It was then time to find some food, I asked on twitter for a good place to grab some dinner. Joel (you may remember him from other running adventures) suggested I go to Gallina’s. I walked in and wasn’t sure of the process, but it was laid back and I just needed to place an order at the counter. I ordered noodles with garlic & olive oil and a side of garlic knots.  I didn’t know, until it was served, but an additional side of bread came with the food.

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Ok, I know you are thinking, it’s just a half marathon, that is a lot of carbs. Well in fact it was, and there was a lot of garlic, however being away from home, eating this bland food, keeps all the guesswork out of race day.

I met up with Bibrave’s Community Manager, Julia (& Dylan) to hand off their packets, then waited for fellow pro, Christine to arrive (remember from One City) I had time to lay out all the things I would need to run.

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Pre race: Participants began to gather near the start. Abe and Mary were milling about, and available for pictures. There were port-a-potties lined up. If you didn’t stay in town, there were many parking options on the street or in ramps. There was no gear check. The race started after some words from the announcer and a speech from Abe, followed by muskets firing. No National Anthem. There was no starting arch, just a timing mat to cross.

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I really didn’t know what to wear, as there was no gear check, and the hotel was a couple blocks away. If you are super fast, it would be easy to grab your warm clothes or take a shower and make it back for the post race festivities. If you are slower, it be great to grab your things at a gear check so you have time to still hang at the post race fun.  Ok enough about no gear check, not a huge deal…but something to consider. Also you could just park on the street and keep your things in your car.

I woke early to stop at the coffee shop across the street. I was early, but I was the second in line, as everyone else had the same idea. I forgot to plan ahead for breakfast, and the Sbux didn’t have their pastries ready, so I grabbed a Kind bar.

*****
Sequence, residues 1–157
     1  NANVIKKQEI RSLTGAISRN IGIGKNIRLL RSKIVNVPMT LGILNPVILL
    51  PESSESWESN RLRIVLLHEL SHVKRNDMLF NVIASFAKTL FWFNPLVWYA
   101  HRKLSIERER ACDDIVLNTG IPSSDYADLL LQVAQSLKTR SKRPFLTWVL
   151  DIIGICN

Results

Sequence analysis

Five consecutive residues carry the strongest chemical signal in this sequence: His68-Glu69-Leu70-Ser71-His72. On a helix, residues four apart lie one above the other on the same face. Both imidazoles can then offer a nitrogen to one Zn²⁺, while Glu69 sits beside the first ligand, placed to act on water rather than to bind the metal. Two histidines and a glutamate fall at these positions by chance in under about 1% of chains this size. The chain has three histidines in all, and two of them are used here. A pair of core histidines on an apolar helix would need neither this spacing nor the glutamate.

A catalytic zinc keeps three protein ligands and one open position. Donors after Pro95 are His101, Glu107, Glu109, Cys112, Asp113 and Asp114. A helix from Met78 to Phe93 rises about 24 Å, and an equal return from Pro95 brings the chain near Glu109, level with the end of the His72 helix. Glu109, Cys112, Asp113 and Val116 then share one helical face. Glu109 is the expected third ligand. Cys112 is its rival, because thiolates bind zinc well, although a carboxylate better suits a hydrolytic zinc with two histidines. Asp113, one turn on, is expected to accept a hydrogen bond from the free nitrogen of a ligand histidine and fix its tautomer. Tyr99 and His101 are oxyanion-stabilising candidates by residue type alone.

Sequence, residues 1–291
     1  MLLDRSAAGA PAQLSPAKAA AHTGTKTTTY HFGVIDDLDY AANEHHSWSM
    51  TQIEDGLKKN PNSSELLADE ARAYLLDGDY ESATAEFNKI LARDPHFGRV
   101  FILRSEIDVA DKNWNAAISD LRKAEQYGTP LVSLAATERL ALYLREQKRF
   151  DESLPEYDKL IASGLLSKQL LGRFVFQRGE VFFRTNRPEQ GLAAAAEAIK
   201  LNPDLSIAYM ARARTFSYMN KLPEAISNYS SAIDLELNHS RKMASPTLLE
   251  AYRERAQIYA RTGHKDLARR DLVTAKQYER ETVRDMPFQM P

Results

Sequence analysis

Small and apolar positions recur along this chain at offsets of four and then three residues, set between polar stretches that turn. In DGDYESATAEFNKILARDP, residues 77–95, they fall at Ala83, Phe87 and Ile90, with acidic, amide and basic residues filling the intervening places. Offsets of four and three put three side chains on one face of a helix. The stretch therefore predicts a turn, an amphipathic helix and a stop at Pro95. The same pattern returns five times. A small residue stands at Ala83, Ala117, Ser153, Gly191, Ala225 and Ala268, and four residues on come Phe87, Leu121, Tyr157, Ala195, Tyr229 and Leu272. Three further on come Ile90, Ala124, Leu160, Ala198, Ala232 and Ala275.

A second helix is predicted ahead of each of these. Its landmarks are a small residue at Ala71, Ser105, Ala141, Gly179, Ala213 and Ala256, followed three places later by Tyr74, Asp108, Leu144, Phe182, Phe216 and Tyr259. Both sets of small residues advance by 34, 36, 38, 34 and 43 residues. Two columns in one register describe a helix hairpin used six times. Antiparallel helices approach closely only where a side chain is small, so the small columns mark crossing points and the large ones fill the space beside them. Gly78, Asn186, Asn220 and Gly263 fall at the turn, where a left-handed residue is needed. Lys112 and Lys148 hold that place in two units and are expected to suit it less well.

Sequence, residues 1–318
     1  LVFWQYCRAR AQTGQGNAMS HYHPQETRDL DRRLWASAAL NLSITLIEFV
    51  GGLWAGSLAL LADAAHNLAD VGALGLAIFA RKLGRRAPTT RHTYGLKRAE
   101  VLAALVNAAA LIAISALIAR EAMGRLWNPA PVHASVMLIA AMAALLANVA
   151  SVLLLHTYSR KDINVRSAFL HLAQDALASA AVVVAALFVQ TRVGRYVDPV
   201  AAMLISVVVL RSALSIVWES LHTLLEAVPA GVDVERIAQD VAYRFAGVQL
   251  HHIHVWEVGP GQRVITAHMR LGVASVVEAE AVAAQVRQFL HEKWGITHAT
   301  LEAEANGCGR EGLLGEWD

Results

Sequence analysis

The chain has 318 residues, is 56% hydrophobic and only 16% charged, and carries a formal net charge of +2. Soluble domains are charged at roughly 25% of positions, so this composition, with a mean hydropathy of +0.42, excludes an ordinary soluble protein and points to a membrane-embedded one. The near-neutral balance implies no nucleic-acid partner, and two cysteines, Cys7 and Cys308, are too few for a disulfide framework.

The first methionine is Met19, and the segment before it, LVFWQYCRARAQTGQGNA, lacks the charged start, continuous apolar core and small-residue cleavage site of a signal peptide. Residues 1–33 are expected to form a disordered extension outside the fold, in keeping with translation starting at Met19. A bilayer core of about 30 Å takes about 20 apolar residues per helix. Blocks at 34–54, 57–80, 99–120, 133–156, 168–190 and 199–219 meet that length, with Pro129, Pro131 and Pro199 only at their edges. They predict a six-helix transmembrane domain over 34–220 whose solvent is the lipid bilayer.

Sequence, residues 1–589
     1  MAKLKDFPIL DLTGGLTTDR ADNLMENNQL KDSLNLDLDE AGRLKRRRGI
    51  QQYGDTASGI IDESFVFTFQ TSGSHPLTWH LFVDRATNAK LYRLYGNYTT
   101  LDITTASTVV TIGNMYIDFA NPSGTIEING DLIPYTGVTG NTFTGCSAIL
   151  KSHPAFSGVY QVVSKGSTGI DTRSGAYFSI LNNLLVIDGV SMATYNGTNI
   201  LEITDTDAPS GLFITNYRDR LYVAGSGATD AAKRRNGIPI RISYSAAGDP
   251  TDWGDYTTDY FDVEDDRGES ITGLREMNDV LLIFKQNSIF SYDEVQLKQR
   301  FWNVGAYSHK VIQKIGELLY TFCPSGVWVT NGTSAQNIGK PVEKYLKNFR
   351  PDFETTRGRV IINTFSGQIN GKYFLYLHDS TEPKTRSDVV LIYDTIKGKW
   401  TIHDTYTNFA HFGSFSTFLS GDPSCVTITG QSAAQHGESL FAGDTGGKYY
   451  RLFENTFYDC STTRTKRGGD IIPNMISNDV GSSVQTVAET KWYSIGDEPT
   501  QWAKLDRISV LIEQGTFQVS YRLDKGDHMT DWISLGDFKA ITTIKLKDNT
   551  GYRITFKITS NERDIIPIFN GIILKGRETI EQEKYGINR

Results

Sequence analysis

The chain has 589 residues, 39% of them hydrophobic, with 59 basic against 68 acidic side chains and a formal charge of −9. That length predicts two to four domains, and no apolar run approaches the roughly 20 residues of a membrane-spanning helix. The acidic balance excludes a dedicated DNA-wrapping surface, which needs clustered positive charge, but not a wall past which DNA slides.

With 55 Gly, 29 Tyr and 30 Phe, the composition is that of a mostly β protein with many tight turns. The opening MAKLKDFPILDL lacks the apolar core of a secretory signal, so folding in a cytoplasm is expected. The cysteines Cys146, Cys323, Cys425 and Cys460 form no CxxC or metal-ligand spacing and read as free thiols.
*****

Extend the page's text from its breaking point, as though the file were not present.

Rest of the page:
I was able to meet all the pros (Julia, Frank, Dylan, Christine and Cass) before the race, and take a great picture with Abe. By the way the Abe and Mary Todd impersonators were awesome! Their speech and body language were spot on! (It was really cold and windy)

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Race/Course: The race takes you through the city of Springfield, passing all the things to see. Starting and finishing at the Old State Capital, by Lincoln’s house, the current Capital, and his tomb.
-Terrain – there were many surfaces. Paved with potholes (but after winter in the midwest, it’s expected) gravel trace, bricked roads.
– Elevation – The first 6 miles were flat, the last half were hilly, running through the park and the cemetery. Nothing too steep, but they were rolling
-Scenery – residential neighborhoods, parks, historical buildings, businesses, cemetery
-Photographers – many on course, pictures available for purchase a day after the race
-Spectators – the course wasn’t lined, but all the people that were out and about were loud and enthusiastic. Abe was in front of his house giving high fives.
-Aid Stations – there were 6 hydration stops with water & Gatorade, in different colored paper cups. one stop had gel. no food on course
-Volunteers – on the course at all intersections, and the busy intersections had law enforcement officials. There were volunteers everywhere, very friendly
-Mile markers at every mile, marked with a flag.
-Pacers – starting from 1:45 (I think and for every 5 minutes after) LOTS of pacers!